Here's a remarkable letter that was posted yesterday at the very interesting blog Letters of Note.
The letter was written in August of 1865 to Col. P.H. Anderson of Big Spring, Tennessee, by Jourdon Anderson, one of his former slaves. At the time, Jourdon was living in Ohio, where he had gone after gaining his freedom in 1864. Based on the letter, it's pretty clear he was not freed by Col. Anderson, but rather by Union forces, which controlled most of Tennessee by that time. (There are towns called "Big Spring" or "Big Springs" all over Tennessee, so it's hard to say where exactly this was.) Anyway, Col. Anderson had apparently written Jourdon to ask him to come back to work for him on his farm.
That may seem remarkable, but it was not too uncommon for freed slaves to do this, or at least to stay where they were after being freed. Although they were free, many of them unfortunately had no better options. But many went north, including Jourdon. His response to Col. Anderson's letter, according to the 1865 newspaper in which it appeared, was dictated by him but "contains his ideas and forms of expression."
If that's true, he was quite a guy.
The letter starts like this:
August 7, 1865
To My Old Master, Colonel P.H. Anderson, Big Spring, Tennessee
Sir: I got your letter, and was glad to find that you had not forgotten Jourdon, and that you wanted me to come back and live with you again, promising to do better for me than anybody else can. I have often felt uneasy about you. I thought the Yankees would have hung you long before this, for harboring Rebs they found at your house. I suppose they never heard about your going to Colonel Martin's to kill the Union soldier that was left by his company in their stable. Although you shot at me twice before I left you, I did not want to hear of your being hurt, and am glad you are still living.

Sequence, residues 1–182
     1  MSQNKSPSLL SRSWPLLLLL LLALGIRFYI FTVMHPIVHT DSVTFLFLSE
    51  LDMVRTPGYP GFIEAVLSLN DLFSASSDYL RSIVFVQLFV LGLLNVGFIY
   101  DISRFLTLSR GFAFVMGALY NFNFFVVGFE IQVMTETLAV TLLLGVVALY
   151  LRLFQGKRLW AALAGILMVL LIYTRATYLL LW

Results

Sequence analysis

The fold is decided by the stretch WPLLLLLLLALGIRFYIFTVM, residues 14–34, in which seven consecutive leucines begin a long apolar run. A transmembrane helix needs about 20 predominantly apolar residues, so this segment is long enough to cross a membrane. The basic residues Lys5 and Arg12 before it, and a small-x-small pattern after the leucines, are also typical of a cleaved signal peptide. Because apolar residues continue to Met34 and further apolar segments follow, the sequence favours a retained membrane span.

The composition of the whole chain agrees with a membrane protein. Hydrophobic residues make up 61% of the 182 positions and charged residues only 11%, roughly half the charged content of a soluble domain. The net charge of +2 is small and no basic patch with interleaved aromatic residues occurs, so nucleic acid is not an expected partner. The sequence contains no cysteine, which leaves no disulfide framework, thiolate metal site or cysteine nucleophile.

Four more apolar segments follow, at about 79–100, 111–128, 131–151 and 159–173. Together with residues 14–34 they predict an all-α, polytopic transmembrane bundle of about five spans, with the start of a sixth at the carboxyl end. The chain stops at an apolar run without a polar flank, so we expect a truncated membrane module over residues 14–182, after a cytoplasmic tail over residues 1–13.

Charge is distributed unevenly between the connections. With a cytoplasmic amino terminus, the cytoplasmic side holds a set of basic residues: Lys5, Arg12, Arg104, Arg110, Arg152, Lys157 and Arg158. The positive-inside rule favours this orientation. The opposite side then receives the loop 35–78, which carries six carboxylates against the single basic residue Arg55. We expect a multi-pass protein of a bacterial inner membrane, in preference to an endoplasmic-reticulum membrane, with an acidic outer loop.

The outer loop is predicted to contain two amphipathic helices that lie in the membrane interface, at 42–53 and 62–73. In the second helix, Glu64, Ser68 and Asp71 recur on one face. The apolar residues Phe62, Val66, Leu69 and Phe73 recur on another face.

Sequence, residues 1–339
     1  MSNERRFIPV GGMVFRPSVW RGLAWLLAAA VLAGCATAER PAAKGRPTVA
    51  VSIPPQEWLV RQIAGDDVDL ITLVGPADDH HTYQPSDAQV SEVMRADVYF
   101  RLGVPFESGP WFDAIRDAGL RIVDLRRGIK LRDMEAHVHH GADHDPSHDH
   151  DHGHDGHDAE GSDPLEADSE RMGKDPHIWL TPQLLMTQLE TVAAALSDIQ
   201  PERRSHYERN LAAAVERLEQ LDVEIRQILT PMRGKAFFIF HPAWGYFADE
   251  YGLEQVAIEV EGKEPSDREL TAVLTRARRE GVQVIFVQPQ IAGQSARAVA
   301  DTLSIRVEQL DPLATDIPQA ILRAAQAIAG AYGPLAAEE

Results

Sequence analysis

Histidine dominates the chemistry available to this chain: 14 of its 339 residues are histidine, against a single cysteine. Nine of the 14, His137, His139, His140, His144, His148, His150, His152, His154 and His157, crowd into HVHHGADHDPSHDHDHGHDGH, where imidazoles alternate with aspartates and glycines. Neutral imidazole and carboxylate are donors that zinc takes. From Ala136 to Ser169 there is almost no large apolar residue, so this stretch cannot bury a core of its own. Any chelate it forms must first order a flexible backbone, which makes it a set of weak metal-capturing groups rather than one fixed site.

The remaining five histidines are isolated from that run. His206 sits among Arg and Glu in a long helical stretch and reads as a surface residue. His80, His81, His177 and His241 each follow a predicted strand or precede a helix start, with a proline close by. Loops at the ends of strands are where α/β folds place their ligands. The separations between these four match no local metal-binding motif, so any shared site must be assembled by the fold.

This is already a great piece of work. You aren't quite sure at this point how Jourdon feels. He does drop in the comment about Anderson going out of his way to kill a presumably wounded prisoner, and notes that Anderson took two shots at him personally, and yet he still says he's glad Anderson survived. That must be sincere, because he really has no other motive to say it, and that says something about his ability to forgive (at least a little).
The letter (I won't quote more of it, because it's very much worth reading the whole thing) goes on to ask what sort of deal Anderson is offering, and especially what wages he'd be willing to pay. (Funny, Anderson must have left that out of the letter.) Is he serious about going back? Probably not, based on the next paragraph, in which he says he and his family "have concluded to test your sincerity by asking you to send us our wages for the time we served you." Thirty-two years of back pay, he calculates (plus 20 for his wife), would come to $11,680. That's actually more than reasonable — it comes out to just under $170,000 in today's dollars. Anderson would have to add interest, of course, but could deduct what he had paid for their clothing and his three doctor's visits (in 32 years). Again, very reasonable.
Again, the whole letter is definitely worth reading, and has a fantastic closing line that I won't give away.
Letters of Note currently has 661 items posted, including some that are law-related (in case the legal content of the above was not sufficient for you). There's one from the makers of South Park to the MPAA, explaining what they had and had not agreed to cut from the first movie … well, I guess that's not really law-related either, but it is hilarious (but also filthy, be warned).
Okay, how about this one – it's the rejection letter that Harvey Wax got after applying to Princeton Law School in 1957:
Dear Mr. Wax:
In reply to your recent letter, I regret that we must inform you that Princeton University has no Law School.
Joseph L. Bolster, Jr.
Despite this apparent evidence that he did not always do his homework, Mr. Wax did later manage to get into Harvard (which does have a law school). He even graduated (in 1967, with distinction) and is still practicing law today.
I will now deliberately avoid any attempt to tie things up here by making some analogy between the practice of law and slavery, which would be ridiculous, and will instead just stop.